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Jussie Smollett Says 'It's Fight or Die' as Mayor Calls for Him To Be 'Prosecuted to the Fullest Extent of the Law'

Actor Jussie Smollett, facing six new counts that claim he falsely reported being attacked last January, is digging in for a battle.
During an interview at Los Angeles International Airport, Smollett told TMZ that his legal battles are “definitely frustrating.”
“It’s fight or die at this point,” he said, summing up his attitude.
Smollett was arraigned on Monday on six counts of disorderly conduct stemming from the case that began last January when Smollett, who is openly gay, claimed he was attacked in a racist and homophobic crime that he linked to President Donald Trump by claiming the attackers, who put a noose around his neck, shouted, “This is MAGA country!”
The story eventually unraveled, and Smollett was charged with filing a false report in a case that shook Chicago.
The criminal case against Smollett ended when prosecutor Kim Foxx’s office dropped charges against Smollett in exchange for community service and forfeiture of his $10,000 bond.
Special Prosecutor Dan Webb was brought in late last year to review the case, resulting in the indictments handed up earlier this month.
“The grand jury’s investigation revealed that Jussie Smollett planned and participated in a staged hate crime attack, and thereafter made numerous false statements to Chicago Police Department officers on multiple occasions, reporting a heinous hate crime that he, in fact, knew had not occurred,” Webb said in a statement, according to WBBM-TV.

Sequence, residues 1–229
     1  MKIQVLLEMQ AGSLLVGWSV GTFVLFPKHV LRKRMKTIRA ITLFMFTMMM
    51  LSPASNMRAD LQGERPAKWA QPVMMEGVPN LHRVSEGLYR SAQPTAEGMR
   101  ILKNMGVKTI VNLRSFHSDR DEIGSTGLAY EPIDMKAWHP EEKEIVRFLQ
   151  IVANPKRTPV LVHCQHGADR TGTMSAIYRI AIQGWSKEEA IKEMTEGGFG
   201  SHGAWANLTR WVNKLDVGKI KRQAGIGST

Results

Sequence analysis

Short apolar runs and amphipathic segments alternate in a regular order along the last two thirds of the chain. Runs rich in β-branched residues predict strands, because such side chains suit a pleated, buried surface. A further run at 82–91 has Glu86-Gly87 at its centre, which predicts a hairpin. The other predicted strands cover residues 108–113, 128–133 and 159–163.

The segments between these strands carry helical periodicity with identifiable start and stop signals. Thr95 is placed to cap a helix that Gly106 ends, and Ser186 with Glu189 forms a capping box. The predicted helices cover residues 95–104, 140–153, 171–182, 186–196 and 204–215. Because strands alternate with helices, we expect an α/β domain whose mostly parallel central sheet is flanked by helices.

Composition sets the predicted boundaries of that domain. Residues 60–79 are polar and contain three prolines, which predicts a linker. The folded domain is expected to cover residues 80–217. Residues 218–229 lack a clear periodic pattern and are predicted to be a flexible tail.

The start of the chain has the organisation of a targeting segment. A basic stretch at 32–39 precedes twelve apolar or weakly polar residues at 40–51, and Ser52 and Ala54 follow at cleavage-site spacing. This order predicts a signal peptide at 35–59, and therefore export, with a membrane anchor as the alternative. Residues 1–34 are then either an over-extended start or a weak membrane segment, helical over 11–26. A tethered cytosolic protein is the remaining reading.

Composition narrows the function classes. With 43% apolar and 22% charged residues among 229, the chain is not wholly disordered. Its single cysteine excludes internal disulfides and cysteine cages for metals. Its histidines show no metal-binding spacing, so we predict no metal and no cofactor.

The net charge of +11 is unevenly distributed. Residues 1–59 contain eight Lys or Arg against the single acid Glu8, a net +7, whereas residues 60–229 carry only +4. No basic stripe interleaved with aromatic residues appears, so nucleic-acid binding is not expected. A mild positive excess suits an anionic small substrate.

On Sunday, Chicago Mayor Lori Lightfoot said Smollett needs to pay for what he has done.
“He needs to face the charges. He committed a crime, and he needs to be prosecuted to the fullest extent of the law, and we are going to continue to aggressively make him accountable for the wasted police resources that went into investigating what turned out to be a total hoax,” Lightfoot said, according to WBBM.
During the encounter at the Los Angeles airport, Smollett was asked whether he still claimed to be innocent.
“I don’t claim to be innocent; I am innocent,” Smollett said.
Smollett was also asked about the concept of double jeopardy, in which a person cannot be charged twice for the same crime. Smollett’s attorney, Tina Glandian, who has used that argument to have the new charges dismissed based upon last year’s charges that were eventually dropped, said she believes “the system will eventually work.”
“The truth is the best defense,” Smollett said. “The truth, which they know nothing about.”
On Monday, Smollett pleaded not guilty to the six charges against him, according to ABC News. The next hearing in Smollett’s case is scheduled for March 18.
“He’s obviously frustrated to be dragged through this process again,” Glandian said after the hearing, according to Time.
“He’s strong, he’s resilient, he’ll get through this, but he’s frustrated,” she said.

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